Image rowBinary formHexadecimal form
........0000 000000
xx......1100 0000C0 11100E
x..x....1001 000090
xx..x...1100 1000C8
........0000 000000
........0000 000000
........0000 000000

On many C++ compilers, including Cygwin, 64 bits is too big for one unsigned long, so we'll use two, one for the upper half of the image and one for the lower half. Therefore, the image would be represented in C++, using the 0x numeric prefix for hexadecimal literals, as 0x00C00E90 and 0xC8000000.

Counting blobs

At first it might seem that counting blobs could be very tricky, especially considering the image above on the right. Blobs can twist and turn so no simple left to right, top to bottom scan will work. But, if you have an array you can erase (and reset later!), then there's a clever solution that works quite nicely:

Erasing the blob is the key to this. It has to erase a blob, no matter how convoluted. A simple recursive algorithm will do it. You should work out the details but here's the essence:

Erase blob(pixel): If the pixel is black, set it to white, and for each neighboring pixel, call erase blob.

Watch out for infinite loops! Watch out for the edges of the image!


Use TDD, define the class Image with this API:

You won't be able to test the display function with CppUnit, but it will be useful to call when a test of getBlobCount() fails. So define display() early, when you hit your first bug.

Hint: See Figure 15.8 for a simple way to print numbers in hexadecimal.

Start simple! What's the simplest possible case? An image with no blobs! So write a test for that, make sure it fails (or doesn't even compile), then do the simplest thing that could possibly work (DTSTTCPW). That's pretty easy for this case. Don't do anything more. This is a good chance to get all the files and prototypes right without worry about any algorithms. The main algorithms you'll need are:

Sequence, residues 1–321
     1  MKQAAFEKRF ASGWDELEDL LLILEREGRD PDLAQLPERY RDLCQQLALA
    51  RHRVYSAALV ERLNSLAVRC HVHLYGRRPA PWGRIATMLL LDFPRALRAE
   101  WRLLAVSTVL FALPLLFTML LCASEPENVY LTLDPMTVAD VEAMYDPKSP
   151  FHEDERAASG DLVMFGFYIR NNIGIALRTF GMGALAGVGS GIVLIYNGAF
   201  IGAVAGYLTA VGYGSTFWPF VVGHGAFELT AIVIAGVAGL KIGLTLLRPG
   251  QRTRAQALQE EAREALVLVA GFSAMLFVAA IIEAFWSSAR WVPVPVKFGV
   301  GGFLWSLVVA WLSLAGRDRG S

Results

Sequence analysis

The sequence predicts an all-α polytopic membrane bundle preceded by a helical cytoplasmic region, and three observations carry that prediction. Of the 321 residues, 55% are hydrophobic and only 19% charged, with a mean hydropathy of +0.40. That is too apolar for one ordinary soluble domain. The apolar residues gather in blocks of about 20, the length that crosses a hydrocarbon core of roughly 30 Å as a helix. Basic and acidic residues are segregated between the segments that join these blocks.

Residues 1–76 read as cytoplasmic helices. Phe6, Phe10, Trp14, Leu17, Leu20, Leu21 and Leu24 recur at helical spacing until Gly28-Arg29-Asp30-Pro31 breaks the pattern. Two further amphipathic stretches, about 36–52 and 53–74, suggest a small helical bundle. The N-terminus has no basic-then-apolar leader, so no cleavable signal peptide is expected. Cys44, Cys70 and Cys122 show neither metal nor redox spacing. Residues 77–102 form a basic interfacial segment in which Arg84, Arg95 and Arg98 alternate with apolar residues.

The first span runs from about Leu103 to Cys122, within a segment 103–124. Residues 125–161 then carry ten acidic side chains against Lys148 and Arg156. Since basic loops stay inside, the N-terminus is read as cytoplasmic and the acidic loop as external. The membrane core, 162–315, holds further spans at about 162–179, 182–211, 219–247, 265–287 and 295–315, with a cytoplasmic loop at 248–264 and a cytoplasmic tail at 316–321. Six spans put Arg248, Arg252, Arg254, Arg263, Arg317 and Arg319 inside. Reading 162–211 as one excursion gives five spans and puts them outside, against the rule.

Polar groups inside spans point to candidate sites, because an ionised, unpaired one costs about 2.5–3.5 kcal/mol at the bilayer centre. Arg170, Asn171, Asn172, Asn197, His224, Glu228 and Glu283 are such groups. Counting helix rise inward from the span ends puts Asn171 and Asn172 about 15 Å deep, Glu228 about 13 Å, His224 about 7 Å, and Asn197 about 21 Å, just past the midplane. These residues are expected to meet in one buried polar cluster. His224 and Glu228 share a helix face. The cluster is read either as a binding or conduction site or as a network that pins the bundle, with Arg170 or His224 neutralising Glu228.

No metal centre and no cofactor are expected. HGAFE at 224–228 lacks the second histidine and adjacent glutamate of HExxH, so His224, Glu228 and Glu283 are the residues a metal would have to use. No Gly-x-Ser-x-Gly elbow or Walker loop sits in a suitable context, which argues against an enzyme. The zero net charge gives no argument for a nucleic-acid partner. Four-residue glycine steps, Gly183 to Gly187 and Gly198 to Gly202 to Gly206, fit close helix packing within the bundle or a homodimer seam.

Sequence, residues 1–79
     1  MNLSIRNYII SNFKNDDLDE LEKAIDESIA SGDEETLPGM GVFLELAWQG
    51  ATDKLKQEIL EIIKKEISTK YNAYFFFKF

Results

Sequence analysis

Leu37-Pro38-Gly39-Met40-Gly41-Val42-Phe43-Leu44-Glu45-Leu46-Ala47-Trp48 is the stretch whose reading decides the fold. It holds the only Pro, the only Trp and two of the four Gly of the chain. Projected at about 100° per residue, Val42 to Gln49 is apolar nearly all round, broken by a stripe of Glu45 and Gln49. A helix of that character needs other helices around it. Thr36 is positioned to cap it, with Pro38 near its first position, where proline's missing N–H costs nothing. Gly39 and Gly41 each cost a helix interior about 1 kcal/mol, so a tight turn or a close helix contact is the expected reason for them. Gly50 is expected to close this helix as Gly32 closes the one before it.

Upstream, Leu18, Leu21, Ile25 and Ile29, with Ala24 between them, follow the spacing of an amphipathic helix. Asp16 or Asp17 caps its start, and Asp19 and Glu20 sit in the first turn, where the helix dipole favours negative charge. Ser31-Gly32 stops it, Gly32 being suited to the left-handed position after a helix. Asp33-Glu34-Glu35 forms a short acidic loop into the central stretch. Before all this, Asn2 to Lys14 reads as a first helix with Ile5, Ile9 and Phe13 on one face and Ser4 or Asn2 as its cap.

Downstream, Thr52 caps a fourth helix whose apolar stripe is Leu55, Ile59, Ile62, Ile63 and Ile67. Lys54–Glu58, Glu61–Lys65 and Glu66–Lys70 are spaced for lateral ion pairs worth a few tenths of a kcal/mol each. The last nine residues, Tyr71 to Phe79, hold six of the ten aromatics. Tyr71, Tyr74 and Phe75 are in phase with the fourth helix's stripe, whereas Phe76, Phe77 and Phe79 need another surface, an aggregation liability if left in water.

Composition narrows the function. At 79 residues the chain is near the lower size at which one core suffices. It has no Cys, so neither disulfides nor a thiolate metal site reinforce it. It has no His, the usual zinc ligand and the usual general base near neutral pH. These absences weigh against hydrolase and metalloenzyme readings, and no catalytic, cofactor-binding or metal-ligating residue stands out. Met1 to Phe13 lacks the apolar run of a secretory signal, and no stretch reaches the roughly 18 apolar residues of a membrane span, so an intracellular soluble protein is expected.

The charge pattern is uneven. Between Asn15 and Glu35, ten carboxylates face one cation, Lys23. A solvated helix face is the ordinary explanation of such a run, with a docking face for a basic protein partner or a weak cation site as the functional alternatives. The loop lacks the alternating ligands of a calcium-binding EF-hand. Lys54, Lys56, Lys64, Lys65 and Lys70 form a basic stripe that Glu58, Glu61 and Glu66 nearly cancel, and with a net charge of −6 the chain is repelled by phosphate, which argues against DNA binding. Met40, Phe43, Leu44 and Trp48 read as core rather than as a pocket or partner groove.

Hint: you can use division and remainder to "peel" off the bits in the unsigned long data. No matter how you write a number, it's all binary inside the computer. But this will give you the bits from right to left, so be careful how you write your loops to fill up the internal array.

Since the image is blank (all zeros) no code is needed to count blobs yet.

Test to make sure the above parts are working.

What's the next simplest? How about 1 pixel blobs, somewhere in the image. Create test cases for that (some hexadecimal practice), make sure the tests fail, then add code to your constructor to set the blob counter. Something very simple should work when only single pixel blobs are involved. You'll need some loops to search the array for pixels.

Now what? One multi-pixel blob? Or multiple single pixel blobs? Your call. Both need to be done, but you decide which to tackle first.

When the above all work, you're finally ready tackle the general case of multiple multi-pixel blobs.

Submit to Code Critic:

Clearly label the start of each file.

Wrap Up

When the above has been approved via the Code Critic, run make handin.

Email the Zip archive produced by your Makefile with the Subject EECS 211: Blob Counter.